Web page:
6.4 Diverse modes of coupling between the various clock neuron groups In Chapter 4 and Chapter 5, using a genetic strategy to specifically speed-up or slowdown the LNv molecular clocks, I experimentally investigated if and how molecular clocks of the various clock neuron classes are coupled to the critical LNv clocks. I found that the molecular clocks of the 5th s-LNv and most of the LNds are not coupled to the LNvs, while the two pairs of sNPF-expressing LNds can only be delayed but not advanced by the LNvs. In contrast, the CRYexpressing DN1ps can be both delayed and advanced by the LNvs. These results reveal that the various classes of clock neurons do not display a uniform mode of coupling. Rather, they display unique and complex coupling relationships that vary from group to group. This may have important implications in the clock network plasticity in the face of changing environments.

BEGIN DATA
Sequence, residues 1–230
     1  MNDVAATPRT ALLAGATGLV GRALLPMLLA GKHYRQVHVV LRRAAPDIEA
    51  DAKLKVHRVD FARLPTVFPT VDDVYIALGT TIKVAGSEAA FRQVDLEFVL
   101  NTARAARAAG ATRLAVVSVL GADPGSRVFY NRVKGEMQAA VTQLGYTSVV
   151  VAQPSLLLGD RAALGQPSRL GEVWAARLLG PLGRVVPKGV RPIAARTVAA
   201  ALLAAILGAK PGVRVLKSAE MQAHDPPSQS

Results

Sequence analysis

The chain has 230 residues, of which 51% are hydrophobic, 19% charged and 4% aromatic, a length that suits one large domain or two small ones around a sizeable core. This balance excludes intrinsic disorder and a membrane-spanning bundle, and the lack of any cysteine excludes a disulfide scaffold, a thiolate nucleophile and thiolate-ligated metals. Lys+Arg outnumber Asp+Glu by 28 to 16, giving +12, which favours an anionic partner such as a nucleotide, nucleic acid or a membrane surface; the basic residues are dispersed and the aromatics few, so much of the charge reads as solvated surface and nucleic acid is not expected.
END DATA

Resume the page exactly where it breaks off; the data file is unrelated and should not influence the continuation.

6.5 The Drosophila clock neuron network consists of multiple oscillators and requires network-wide coherence for robust free-running rhythms Despite the fact that the clock neuron network features a diversity of cell types that are anatomically and neurochemically distinct, it has been long modeled as a hierarchical twooscillator network, in which the morning oscillator (the LNvs) functions as a master pacemaker in the absence of environmental cues. In Chapter 4, through the genetic speeding-up and slowing-down the LNv clocks to different extents, I find that the LNvs can set the pace of the clock network only when their intrinsic period differs less than ~2.5 hours from that of the rest of the network. In contrast to the widely accepted “Master Pacemaker” model, my results demonstrate that the clock network consists of multiple oscillatory units, each of which drives rhythms in activity. Furthermore, I find that each oscillatory unit is unified by its neuropeptide output, which might be a general organizing principle that might apply to the circadian clock neuron networks of other animals. Lastly in Chapter 5, by genetically altering the clock speed in different subsets of clock neurons, I show that coherent free-running activity rhythms require molecular clock synchrony at least in all of the lateral clock neurons as well as the DN1ps, which constitute a much larger proportion of the clock neuron network than previously thought. These findings provide insights into the organization and network coordination of the Drosophila circadian clock.